back to top
CULTURE
 / 

This TV Reporter Challenged Beauty Standards By Going On Air Without Makeup

"Women have so much to offer. It is silly to think a shade of lipstick would make me a better reporter."

Meet Kamady Rudd, a reporter for WZZM 13 in Grand Rapids, Michigan.

@kamady / Via instagram.com

Despite waking up at 2:30 every morning, by the time Rudd goes on the air her face is fully decked out with lipstick, false lashes, and a contour, to boot.

@kamady / Via instagram.com

But on Feb. 19, Rudd decided to change her routine and become a "guinea pig" in her own experiment by going on air for a week without any makeup.

Here are four of her no-makeup looks from the week.
@kamady / Via instagram.com

Here are four of her no-makeup looks from the week.

"I ran the no-makeup idea past our [news director] before going sans makeup, knowing she’d be supportive," Rudd told BuzzFeed. "She was totally on board. It was during a week-long project we were doing on body image, so it fit right in."

Facebook: video.php

"My first priority on the job is, and always will be, the story. My appearance will always come second," Rudd said. "If that’s not the priority, I think we, as reporters, are doing our viewers a disservice."

While Rudd was worried that the experiment might shift her focus away from the stories she covered and that she would receive negative viewer feedback, to her surprise, she was swarmed with positive reactions.

"I feel like I’m being repetitive and a little cliché in responses, but I’m dead serious, I never in a million years expected for every response to be kind. The fact that our viewers noticed, but didn’t think much of it — to me — says a lot about people," Rudd said.
@Kamady / Via instagram.com

"I feel like I’m being repetitive and a little cliché in responses, but I’m dead serious, I never in a million years expected for every response to be kind. The fact that our viewers noticed, but didn’t think much of it — to me — says a lot about people," Rudd said.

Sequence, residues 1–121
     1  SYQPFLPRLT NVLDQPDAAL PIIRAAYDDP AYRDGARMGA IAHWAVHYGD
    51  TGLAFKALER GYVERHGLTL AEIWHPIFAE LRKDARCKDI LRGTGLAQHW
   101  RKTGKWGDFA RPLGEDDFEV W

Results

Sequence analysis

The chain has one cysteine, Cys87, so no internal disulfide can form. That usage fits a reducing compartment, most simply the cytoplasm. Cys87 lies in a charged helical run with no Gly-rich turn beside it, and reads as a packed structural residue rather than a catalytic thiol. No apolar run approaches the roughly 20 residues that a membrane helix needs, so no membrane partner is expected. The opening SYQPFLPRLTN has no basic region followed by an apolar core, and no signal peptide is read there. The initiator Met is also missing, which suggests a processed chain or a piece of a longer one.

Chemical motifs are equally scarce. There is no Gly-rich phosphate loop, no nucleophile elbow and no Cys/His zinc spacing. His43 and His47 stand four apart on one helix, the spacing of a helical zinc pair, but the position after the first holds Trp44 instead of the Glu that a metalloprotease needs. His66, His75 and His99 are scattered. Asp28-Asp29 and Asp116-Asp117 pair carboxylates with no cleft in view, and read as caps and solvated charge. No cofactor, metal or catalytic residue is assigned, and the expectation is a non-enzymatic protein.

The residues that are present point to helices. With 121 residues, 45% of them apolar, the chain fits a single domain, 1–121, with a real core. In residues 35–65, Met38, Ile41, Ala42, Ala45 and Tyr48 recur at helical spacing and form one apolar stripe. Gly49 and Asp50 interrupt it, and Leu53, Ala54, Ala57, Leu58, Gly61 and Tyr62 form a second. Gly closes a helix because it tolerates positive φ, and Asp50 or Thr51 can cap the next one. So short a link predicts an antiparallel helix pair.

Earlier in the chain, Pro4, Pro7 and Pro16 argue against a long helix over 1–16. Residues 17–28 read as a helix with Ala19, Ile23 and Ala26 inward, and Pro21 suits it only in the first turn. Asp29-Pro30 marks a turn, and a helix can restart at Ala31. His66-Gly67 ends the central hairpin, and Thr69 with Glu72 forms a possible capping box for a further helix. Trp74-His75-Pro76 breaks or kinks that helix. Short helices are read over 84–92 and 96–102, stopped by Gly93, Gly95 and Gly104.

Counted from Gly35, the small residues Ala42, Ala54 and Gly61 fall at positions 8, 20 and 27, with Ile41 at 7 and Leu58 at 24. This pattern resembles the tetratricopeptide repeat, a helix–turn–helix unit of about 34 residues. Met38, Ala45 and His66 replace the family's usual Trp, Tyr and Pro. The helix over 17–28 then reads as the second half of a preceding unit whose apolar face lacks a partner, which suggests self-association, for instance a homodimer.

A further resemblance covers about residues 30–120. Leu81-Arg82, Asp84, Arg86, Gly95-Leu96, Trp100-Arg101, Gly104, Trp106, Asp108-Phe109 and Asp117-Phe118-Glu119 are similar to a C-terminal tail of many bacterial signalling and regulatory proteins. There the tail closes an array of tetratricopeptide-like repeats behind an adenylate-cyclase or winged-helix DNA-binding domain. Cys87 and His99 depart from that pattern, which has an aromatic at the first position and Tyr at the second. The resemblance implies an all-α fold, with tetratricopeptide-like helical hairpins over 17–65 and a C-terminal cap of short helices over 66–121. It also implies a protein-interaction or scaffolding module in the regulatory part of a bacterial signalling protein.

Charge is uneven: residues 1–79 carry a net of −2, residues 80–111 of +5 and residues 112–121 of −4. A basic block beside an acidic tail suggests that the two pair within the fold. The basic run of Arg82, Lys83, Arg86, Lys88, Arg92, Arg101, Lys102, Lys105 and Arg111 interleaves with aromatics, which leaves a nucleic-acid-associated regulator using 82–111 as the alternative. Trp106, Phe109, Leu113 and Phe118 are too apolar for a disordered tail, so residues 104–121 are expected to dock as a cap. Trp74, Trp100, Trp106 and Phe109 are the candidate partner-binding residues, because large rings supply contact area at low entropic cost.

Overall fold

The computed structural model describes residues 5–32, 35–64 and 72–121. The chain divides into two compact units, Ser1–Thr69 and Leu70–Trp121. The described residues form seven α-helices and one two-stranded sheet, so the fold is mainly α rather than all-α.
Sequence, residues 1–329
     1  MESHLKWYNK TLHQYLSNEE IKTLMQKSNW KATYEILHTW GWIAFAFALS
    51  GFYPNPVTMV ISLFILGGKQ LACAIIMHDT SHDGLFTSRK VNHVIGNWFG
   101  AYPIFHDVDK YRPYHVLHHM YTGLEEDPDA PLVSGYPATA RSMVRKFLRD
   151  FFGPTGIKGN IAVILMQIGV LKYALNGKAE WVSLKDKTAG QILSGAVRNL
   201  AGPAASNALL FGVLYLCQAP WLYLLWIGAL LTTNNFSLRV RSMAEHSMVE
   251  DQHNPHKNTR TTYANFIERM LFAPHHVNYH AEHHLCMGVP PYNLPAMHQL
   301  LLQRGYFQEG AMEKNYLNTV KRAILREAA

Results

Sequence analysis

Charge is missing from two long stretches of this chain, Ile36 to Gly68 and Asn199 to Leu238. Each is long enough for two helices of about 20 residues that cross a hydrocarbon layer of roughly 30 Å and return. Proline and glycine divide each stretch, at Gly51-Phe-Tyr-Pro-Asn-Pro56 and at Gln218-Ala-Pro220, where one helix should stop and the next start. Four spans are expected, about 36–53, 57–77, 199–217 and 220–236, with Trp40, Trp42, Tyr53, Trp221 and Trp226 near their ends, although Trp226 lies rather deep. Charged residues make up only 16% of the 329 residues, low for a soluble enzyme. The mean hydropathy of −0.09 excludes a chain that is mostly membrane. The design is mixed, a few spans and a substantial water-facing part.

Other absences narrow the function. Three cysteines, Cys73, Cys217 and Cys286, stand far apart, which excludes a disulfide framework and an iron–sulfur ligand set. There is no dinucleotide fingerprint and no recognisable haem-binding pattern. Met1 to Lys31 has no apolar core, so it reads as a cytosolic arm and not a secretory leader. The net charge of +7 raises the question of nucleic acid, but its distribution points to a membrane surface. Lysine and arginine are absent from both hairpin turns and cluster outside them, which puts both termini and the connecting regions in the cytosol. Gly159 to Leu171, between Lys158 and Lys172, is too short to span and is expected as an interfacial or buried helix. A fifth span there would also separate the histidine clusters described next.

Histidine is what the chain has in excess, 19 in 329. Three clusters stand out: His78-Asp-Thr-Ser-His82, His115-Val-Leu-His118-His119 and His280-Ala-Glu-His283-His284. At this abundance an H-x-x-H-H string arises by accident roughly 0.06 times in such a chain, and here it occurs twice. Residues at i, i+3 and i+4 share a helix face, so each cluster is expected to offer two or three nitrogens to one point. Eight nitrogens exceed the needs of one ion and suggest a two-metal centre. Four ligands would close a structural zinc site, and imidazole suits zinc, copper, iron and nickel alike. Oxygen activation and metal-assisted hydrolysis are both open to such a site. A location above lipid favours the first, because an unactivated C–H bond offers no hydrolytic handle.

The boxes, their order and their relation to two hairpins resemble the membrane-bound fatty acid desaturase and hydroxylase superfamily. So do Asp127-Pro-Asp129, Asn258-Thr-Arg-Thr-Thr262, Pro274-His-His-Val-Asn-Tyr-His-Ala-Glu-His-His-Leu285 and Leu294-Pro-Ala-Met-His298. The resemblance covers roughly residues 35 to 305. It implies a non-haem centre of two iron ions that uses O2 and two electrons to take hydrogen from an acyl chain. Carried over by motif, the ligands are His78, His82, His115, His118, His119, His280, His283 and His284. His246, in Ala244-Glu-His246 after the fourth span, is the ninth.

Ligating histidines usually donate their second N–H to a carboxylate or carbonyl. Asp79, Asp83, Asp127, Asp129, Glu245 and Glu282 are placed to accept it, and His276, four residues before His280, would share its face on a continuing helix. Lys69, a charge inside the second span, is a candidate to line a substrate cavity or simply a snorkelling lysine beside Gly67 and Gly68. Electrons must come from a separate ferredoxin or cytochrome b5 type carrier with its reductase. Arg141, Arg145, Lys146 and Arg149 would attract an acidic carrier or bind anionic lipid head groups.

Bias against female reporters based on their appearance has always been a problem plaguing the media industry, and it's one that Rudd has experienced firsthand. "I used to only anchor and report sports," Rudd said. "I once had an agent, who was trying to represent me, tell me I needed to be more 'glamorous' on the sideline."

But between driving four to five hours away to shoot a game, writing, editing, and creating a highlight reel all in the Louisiana heat, Rudd considered it a win if her makeup was even done at all.
@kamady / Via instagram.com

But between driving four to five hours away to shoot a game, writing, editing, and creating a highlight reel all in the Louisiana heat, Rudd considered it a win if her makeup was even done at all.

All in all, Rudd considers her makeup-free week a success. "This experiment proved to me that there is more good in people than bad. I’ve always thought the negative feedback is the loudest, but not this time," Rudd said.

"Women have so much to offer. It is silly to think a shade of lipstick would make me a better reporter. And I appreciate every single positive thing that’s come from this experience."
@Kamady / Via instagram.com

"Women have so much to offer. It is silly to think a shade of lipstick would make me a better reporter. And I appreciate every single positive thing that’s come from this experience."

Connect with As/Is